At first sight nothing can appear more unreasonable, than that I should hesitate to admit the seemingly irresistible force of the argument presented to
An ingenuous disposition would appear to require that, the moment the truth, or what seems to be the truth, is set before me, I should the allegiance to which truth is entitled. If I do otherwise, it would appear to argue a pusillanimous disposition, a mind not prompt and disengaged to receive the impression of evidence, a temper that loves something else better than the lustre which all men are bound to recognise, and that has a reserve
pay to it
in favour of ancient prejudice, and of an opinion no longer supported by reason.
In fact however I shall act most wisely, and in the way most honourable to my character, if I resolve to adjourn the debate. No matter how complete the view may seem which is now presented to my consideration, or how irresistible the arguments: truth is too majestic a divinity, and it is of too much importance that I should not follow a delusive semblance that may shew like truth, not to make it in the highest degree proper that I should examine again and again, before I come to the conclusion to which I mean to affix my seal, and annex my sanction, “This is the truth.” The ancient Goths of Germany, we are told, had a custom of debating every thing of importance to their state twice, once in the high animation of a convivial meeting, and once in the serene stillness of a morning consultation. Philip of Macedon having decided a cause precipitately, the party condemned by him immediately declared his resolution to appeal from the sentence. And to whom, said the king, wilt thou appeal ? To Philip, was the answer, in the entire possession of his understanding.
Such is the nature of the human mind-at least, such I find to be the nature of my own—that many trains of thinking, many chains of evidence, the result of accumulated facts, will often not present themselves, at the time when their presence would be of the highest importance. The view which now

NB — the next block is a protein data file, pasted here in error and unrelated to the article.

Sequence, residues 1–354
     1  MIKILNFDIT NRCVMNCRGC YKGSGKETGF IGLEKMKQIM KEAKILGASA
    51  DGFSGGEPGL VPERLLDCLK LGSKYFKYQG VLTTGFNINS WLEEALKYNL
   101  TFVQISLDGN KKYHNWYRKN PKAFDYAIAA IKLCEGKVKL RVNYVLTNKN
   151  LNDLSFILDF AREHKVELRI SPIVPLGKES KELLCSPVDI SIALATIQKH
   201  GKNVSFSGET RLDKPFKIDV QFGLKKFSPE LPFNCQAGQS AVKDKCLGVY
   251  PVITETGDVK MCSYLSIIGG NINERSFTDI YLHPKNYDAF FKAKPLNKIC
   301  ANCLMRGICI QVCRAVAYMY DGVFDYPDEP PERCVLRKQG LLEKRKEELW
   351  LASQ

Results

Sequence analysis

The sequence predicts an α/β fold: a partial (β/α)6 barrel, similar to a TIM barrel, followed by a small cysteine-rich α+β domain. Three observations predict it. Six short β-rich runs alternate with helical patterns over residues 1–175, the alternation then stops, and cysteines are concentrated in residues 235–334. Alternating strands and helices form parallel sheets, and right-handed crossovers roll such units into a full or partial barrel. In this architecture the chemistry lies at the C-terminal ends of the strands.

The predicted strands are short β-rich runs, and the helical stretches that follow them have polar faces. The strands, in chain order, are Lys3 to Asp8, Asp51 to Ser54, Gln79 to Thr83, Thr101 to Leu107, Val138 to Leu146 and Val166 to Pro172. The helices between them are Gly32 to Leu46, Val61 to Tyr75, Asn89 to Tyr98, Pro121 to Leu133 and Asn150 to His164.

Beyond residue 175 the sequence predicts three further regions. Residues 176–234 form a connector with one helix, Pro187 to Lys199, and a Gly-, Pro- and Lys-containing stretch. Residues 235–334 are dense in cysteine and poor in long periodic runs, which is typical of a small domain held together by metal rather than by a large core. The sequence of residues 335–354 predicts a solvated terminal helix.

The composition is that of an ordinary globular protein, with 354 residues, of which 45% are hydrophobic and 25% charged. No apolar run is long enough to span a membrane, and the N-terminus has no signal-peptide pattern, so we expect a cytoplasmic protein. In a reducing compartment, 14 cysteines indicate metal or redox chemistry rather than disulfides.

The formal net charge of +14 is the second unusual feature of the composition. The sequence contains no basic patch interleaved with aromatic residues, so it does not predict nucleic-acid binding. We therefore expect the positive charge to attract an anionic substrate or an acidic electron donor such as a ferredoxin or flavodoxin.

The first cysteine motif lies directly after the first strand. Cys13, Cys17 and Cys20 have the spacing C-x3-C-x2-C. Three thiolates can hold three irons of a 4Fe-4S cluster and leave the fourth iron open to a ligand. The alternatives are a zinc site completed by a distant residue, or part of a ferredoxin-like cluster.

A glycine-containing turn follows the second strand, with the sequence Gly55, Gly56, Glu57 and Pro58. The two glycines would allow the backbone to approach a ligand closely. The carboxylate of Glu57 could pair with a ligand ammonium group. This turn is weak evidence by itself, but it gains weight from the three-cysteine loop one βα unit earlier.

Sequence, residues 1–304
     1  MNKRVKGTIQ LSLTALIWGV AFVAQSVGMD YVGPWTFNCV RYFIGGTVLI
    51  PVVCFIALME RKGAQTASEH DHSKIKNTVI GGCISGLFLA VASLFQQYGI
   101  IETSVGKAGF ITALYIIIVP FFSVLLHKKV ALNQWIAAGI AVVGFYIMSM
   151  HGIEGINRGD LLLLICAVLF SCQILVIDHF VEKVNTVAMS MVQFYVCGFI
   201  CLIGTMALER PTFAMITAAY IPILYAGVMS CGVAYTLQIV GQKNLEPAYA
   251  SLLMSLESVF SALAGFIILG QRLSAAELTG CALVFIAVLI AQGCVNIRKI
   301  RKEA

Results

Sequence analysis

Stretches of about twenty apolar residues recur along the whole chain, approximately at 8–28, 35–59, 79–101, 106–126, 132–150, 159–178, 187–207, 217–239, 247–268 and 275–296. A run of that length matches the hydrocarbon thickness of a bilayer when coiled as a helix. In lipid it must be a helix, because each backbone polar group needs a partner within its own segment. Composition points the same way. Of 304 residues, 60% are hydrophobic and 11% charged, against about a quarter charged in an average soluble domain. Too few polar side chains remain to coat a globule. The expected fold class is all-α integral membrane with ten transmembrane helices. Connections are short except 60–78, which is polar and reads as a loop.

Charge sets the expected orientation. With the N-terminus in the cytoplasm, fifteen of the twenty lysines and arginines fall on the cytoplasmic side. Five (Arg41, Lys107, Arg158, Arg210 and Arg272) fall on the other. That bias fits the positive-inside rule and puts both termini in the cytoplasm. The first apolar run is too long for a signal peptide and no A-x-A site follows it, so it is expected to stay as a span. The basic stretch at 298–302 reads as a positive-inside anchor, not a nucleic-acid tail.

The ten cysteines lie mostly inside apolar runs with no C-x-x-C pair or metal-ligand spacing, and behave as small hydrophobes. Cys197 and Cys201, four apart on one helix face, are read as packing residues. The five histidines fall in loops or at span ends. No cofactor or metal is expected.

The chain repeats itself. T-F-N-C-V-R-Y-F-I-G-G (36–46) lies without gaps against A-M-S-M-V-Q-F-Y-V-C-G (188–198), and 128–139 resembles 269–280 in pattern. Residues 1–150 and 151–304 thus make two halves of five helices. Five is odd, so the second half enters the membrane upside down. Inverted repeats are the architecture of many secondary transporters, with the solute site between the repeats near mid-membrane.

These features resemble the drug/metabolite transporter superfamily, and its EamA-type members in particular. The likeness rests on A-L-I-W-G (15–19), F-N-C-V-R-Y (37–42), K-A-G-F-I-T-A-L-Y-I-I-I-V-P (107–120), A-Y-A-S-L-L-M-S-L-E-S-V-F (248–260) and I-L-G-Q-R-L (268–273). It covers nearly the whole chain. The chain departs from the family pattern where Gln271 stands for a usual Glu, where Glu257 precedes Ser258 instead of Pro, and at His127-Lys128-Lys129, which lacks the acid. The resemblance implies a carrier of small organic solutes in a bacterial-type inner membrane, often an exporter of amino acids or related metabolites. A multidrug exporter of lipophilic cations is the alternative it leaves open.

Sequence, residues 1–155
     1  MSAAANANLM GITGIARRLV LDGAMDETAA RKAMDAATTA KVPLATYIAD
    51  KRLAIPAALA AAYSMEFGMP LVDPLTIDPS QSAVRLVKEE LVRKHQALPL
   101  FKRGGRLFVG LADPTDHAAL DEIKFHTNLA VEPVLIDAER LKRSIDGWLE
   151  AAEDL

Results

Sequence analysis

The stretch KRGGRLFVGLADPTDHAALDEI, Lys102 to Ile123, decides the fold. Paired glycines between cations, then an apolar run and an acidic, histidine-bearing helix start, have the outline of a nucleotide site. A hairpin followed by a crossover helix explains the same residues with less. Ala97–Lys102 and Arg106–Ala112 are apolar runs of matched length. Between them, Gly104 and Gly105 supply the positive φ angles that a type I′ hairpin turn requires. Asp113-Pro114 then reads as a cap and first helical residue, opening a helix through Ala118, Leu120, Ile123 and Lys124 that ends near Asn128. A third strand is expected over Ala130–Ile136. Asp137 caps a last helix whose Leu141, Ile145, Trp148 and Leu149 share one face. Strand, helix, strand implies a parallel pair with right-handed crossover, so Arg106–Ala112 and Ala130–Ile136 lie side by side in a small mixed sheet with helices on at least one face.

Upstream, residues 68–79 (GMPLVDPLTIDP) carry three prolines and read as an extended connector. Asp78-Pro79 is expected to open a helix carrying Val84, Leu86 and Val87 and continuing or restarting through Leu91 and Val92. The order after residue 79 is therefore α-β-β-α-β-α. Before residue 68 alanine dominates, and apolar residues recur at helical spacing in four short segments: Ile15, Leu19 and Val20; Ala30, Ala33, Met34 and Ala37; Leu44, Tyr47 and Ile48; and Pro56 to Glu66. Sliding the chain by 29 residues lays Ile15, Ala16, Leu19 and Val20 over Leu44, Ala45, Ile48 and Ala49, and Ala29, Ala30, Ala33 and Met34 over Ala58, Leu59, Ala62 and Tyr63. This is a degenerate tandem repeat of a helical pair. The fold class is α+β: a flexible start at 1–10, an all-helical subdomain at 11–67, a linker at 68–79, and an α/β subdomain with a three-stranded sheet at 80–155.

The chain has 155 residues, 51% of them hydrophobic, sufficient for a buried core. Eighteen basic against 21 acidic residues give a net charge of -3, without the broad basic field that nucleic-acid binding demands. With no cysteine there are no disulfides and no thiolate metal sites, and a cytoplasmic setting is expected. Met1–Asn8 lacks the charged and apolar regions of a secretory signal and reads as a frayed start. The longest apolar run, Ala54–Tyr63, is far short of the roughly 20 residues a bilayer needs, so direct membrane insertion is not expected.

comes before me is of a substance so close and wellwoven, and of colours so brilliant and dazzling, that other matters in a certain degree remote, though of no less intrinsic importance, and equally entitled to influence my judgment in the question in hand, shall be entirely shut out, shall be killed, and fail to offer themselvčs to my perceptions.
It is a curious circumstance which Pope, a man of eminent logical power and acuteness, relates, that, having at his command in his youth a collection of all the tracts that had been written on both sides in the reign of James the Second, he applied himself with great assiduity to their perusal, and the consequence was, that he was a Papist and Protestant by turns, according to the last book he reada.
This circumstance in the structure of the human understanding is well known, and is the foundation of many provisions that occur in the constitution of political society. How each man shall form his creed, and arrange those opinions by which his conduct shall be regulated, is of course a matter exclusively subjected to his own discretion. But, when he is called upon to act in the name of a community, and to decide upon a question in which the public is interested, he of necessity feels himself called upon to proceed with the utmost caution. A judge on the bench, a chancellor, is not contented with that sudden ray of mental illumination to which an ingenuous individual is often disposed to
Correspondence with Atterbury, Letter IV.